Transition

We need to improve the experience of transitions for young people with Down’s syndrome.  All children and young people face challenges as they move through education and into adult life but for those with Down’s syndrome there are some extra hurdles.

Making plans for moving on from school can be especially difficult for young people with Down’s syndrome and their parents. And although a set of ‘Principles of Good Transitions’ has been developed and widely adopted across Scotland, further work is required to ensure that these principles are applied in practice. For example, the principles recommend that planning should start early, from age 14, and continue up to the age of 25 but parents tell us that this is rarely the case for young people with Down’s syndrome.  Many parents and schools are not aware of this recommendation and in many instances, we are told there is little or no planning until the very last months of school. 

Our discussions with parents have identified that an earlier transition that can present challenges is from primary to secondary school. Many parents report higher levels of input and support, for example from speech and language therapists, in primary school with reduced provision in secondary school. For others, the move from a small inclusive primary school to placement in the ‘base’ of a large mainstream secondary makes it more difficult for a young person to feel part of the school community.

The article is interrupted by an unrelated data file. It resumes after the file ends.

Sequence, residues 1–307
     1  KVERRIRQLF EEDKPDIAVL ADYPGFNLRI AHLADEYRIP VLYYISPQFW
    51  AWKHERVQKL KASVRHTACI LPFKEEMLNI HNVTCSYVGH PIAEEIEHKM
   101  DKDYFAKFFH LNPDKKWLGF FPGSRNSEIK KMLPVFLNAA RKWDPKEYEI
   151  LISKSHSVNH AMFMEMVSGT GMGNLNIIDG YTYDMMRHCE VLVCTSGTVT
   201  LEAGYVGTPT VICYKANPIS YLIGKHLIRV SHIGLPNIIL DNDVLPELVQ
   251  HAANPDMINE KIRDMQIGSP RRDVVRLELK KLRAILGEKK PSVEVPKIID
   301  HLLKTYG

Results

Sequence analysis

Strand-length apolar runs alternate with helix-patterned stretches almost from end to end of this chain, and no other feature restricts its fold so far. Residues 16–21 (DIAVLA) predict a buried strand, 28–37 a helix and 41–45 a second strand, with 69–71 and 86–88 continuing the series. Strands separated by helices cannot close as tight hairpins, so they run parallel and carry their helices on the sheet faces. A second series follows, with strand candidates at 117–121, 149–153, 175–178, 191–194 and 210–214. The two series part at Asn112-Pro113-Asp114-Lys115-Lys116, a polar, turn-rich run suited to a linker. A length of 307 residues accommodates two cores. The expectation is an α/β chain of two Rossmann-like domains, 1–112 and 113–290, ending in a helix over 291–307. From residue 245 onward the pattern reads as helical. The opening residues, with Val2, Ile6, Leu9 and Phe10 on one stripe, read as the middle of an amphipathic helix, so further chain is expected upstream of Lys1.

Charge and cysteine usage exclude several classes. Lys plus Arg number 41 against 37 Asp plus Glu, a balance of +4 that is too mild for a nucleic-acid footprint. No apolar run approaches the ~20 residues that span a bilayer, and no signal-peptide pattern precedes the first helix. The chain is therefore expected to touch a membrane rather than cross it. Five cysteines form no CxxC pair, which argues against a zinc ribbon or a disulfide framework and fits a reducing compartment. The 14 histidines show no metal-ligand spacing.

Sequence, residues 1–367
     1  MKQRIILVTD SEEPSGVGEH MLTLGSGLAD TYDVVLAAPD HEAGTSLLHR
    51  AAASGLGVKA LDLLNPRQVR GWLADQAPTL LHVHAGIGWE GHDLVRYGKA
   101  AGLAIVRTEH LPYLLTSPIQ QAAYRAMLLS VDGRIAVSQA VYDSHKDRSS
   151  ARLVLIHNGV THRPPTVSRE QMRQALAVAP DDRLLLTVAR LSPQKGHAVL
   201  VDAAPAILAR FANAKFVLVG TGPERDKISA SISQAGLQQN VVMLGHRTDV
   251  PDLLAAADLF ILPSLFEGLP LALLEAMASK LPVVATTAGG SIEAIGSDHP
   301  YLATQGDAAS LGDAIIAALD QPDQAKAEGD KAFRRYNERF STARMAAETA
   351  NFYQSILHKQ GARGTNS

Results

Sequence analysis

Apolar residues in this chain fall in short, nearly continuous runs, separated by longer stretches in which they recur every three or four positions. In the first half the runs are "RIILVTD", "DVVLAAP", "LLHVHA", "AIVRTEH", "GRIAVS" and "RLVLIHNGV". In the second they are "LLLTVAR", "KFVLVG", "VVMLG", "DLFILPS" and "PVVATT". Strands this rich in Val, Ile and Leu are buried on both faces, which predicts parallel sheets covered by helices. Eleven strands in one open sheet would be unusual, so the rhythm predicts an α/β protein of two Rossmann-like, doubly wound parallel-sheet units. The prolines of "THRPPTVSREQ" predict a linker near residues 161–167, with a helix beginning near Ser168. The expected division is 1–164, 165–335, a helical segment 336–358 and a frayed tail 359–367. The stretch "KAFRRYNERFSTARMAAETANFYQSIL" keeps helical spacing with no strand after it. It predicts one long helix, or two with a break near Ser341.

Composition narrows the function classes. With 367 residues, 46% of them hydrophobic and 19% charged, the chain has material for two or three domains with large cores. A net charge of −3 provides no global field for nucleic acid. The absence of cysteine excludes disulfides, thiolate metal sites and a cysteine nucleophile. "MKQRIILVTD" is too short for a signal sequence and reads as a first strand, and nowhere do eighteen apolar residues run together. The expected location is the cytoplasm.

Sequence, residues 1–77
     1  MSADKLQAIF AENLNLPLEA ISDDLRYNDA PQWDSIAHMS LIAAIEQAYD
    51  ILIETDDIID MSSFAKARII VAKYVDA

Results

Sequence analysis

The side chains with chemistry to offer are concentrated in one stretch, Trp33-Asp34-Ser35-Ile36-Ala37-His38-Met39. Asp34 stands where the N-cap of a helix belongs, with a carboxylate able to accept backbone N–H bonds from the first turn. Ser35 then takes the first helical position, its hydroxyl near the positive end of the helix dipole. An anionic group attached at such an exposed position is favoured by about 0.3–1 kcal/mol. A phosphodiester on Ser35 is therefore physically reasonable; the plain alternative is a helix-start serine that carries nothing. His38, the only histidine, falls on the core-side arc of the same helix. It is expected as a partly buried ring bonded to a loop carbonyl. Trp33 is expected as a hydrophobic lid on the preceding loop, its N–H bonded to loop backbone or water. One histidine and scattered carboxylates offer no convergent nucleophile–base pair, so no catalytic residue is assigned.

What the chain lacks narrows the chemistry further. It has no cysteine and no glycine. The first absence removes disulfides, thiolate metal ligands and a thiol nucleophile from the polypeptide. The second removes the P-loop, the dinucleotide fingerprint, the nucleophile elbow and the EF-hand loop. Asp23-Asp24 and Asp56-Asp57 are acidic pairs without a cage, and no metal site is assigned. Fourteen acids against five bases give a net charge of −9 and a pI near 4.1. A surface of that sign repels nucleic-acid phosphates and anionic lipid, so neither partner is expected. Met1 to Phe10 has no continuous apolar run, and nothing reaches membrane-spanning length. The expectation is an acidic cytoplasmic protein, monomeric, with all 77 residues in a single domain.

We are working with a group of teachers, allied health professionals, parents, The Scottish Government and the Scottish Transitions Forum to find ways to improve the experiences of young people and families as they move through school and into adulthood.

Follow our campaign to hear more about our plans.

Our 4 Big Issues

Employment

We know that lots of people with Down’s syndrome who want to work, don’t have a paid job. In fact, in Scotland only around 7% of people with learning disabilities are in paid work compared with 74% of the general population.

Health

We know that there is a need to address health inequalities and improve health outcomes for people with Down’s syndrome across Scotland.

Transition

We need to improve the experience of transitions for young people with Down’s syndrome. All children and young people face challenges as they move through education and into adult life but for those with Down’s syndrome there are some extra hurdles.

Community

People with Down’s syndrome tell us they want to be active members of their communities, they want to be visible, valued and included. And we know they have so much to give!